Pallab Sarker poses outdoors
Associate research professor Pallab Sarker.

The new USDA funding for this project will complement a prior award of $120,000 from California Sea Grant. Together, these grants will allow researchers to expand the scope and timeline of their experiments. In particular, Sarker said he’s excited that the new funding will allow him to test out a microalgal species he hasn’t worked with before. It’s a variety that is now being produced commercially for use in omega-3 dietary supplements, so the team will plan to utilize the protein-rich algal biomass leftover after the omega-3 oils are extracted. 

Researchers expect to start experimenting soon with various processing methods for manufacturing feed using these and other ingredients. They’ll also test the digestibility of their formulas. Of course, this will require some eager participants to chow down on the new feed, so juvenile rainbow trout will be stocked into the team’s newly-constructed recirculating aquaculture facility at the UCSC Farm. These will be the first fish to take up residence in the new facility. Their arrival will be a big moment for researchers.

“We have been facing unprecedented challenges this year with the COVID-19 lockdowns and then the California fires, all of which has seriously affected our project timelines,” said Sarker. “Now, our recirculating aquaculture system has been prepared to get live rainbow trout for our first experiment in our new lab, and I’m truly thrilled about it.”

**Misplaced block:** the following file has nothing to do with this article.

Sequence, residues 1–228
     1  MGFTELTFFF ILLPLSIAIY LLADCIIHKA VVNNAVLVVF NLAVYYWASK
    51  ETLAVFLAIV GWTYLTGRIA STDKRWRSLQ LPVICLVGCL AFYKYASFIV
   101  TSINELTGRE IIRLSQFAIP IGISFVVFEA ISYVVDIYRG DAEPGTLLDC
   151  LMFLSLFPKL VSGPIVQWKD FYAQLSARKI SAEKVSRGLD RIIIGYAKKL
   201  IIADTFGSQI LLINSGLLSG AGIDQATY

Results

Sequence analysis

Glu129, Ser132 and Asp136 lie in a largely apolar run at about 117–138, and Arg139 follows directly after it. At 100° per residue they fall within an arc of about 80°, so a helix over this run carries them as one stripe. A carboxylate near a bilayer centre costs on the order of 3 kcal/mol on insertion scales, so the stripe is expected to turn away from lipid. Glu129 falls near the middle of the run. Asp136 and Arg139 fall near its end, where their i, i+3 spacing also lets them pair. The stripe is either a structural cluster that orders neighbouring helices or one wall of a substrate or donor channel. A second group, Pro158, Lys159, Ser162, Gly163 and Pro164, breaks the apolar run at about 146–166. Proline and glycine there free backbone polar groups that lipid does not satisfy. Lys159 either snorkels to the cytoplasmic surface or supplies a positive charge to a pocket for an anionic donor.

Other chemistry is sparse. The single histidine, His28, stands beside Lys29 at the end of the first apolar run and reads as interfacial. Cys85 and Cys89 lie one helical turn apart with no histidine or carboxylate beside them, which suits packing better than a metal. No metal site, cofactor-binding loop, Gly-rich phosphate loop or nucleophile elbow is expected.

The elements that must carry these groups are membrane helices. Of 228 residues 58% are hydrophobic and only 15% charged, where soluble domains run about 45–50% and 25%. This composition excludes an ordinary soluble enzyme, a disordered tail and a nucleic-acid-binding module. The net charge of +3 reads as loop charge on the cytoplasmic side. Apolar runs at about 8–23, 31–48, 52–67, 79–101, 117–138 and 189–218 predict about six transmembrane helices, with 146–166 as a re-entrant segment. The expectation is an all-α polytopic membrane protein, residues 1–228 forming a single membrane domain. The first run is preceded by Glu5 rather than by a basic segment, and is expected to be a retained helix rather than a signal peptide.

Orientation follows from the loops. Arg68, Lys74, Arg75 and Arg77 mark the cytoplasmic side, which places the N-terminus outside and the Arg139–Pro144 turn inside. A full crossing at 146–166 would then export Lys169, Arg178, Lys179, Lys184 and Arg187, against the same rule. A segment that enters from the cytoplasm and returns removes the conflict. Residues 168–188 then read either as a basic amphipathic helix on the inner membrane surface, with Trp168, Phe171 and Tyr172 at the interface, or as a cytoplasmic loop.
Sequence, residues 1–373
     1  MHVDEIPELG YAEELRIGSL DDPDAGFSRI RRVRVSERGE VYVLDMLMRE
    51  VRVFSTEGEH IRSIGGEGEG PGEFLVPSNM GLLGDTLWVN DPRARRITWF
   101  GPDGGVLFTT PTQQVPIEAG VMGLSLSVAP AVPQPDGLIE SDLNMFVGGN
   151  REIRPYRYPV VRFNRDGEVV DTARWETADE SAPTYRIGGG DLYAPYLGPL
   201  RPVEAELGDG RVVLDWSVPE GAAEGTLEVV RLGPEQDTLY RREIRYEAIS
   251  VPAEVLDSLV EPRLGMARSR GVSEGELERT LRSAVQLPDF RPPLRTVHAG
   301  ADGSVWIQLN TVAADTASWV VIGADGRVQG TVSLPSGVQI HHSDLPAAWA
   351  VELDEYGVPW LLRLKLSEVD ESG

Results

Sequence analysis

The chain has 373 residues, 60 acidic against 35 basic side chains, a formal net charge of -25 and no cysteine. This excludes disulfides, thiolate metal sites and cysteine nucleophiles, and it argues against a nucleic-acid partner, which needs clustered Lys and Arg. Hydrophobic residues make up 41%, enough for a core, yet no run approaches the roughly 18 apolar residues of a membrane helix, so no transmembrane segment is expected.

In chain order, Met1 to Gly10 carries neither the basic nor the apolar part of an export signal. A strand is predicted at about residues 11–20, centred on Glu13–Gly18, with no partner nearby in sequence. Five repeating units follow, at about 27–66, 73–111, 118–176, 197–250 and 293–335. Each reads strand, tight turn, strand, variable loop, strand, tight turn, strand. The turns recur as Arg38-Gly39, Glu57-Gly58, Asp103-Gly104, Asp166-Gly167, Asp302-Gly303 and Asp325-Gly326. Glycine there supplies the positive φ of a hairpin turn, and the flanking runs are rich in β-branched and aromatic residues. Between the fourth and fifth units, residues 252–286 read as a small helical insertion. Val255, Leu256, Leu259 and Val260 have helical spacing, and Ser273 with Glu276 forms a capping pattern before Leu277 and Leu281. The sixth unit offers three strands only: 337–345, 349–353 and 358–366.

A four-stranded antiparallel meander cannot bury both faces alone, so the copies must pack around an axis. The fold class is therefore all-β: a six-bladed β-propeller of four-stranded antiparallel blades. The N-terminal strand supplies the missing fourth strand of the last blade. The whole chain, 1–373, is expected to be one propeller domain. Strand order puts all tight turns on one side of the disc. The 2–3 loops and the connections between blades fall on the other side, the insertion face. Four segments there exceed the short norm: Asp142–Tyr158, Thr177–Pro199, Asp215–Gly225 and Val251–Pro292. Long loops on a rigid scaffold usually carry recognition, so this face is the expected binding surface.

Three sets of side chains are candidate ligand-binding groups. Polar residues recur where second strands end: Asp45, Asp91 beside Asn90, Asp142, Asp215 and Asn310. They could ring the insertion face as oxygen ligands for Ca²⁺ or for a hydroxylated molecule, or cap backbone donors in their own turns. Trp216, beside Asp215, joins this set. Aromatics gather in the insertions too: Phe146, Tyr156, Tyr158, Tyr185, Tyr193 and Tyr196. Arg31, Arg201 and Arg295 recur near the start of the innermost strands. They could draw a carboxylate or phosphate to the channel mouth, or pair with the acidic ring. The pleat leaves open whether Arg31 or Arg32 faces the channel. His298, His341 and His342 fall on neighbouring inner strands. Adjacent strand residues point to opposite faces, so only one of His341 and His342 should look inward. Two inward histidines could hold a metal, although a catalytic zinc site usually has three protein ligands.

Sarker said he also looks forward to involving UC Santa Cruz students in the lab’s research, once it’s safe to do so. Currently, social distancing protocols limit the number of people who can be in the lab at a given time, but in the future, Sarker hopes to bring students to visit the facility, where they could gain practical experience with collecting research data and caring for fish. 

tanks and pipes are assembled inside the team's new research facility
The team's newly-constructed recirculating aquaculture facility will model
sustainability practices for integrating aquaculture with agriculture.

Students can also learn about the lab’s sustainability practices. Kapuscinski said the facility’s location at the UCSC Farm was carefully selected to model how aquaculture and agriculture can be integrated to reduce waste. Water periodically removed from the recirculating aquaculture tanks contains beneficial nutrients for plants and will be used as irrigation and fertilizer for the organic farm managed by the Center for Agroecology and Sustainable Food Systems (CASFS). 

With a new facility up and running and new grant funding in hand, the research team members say they are feeling optimistic about the road ahead. 

“I am delighted to conduct this line of research at UCSC,” Sarker said. “This is a tremendous opportunity for our society to shift away from unsustainable practices to sustainable aquaculture production. I think we can do better. We have an obligation to do better for our planet.”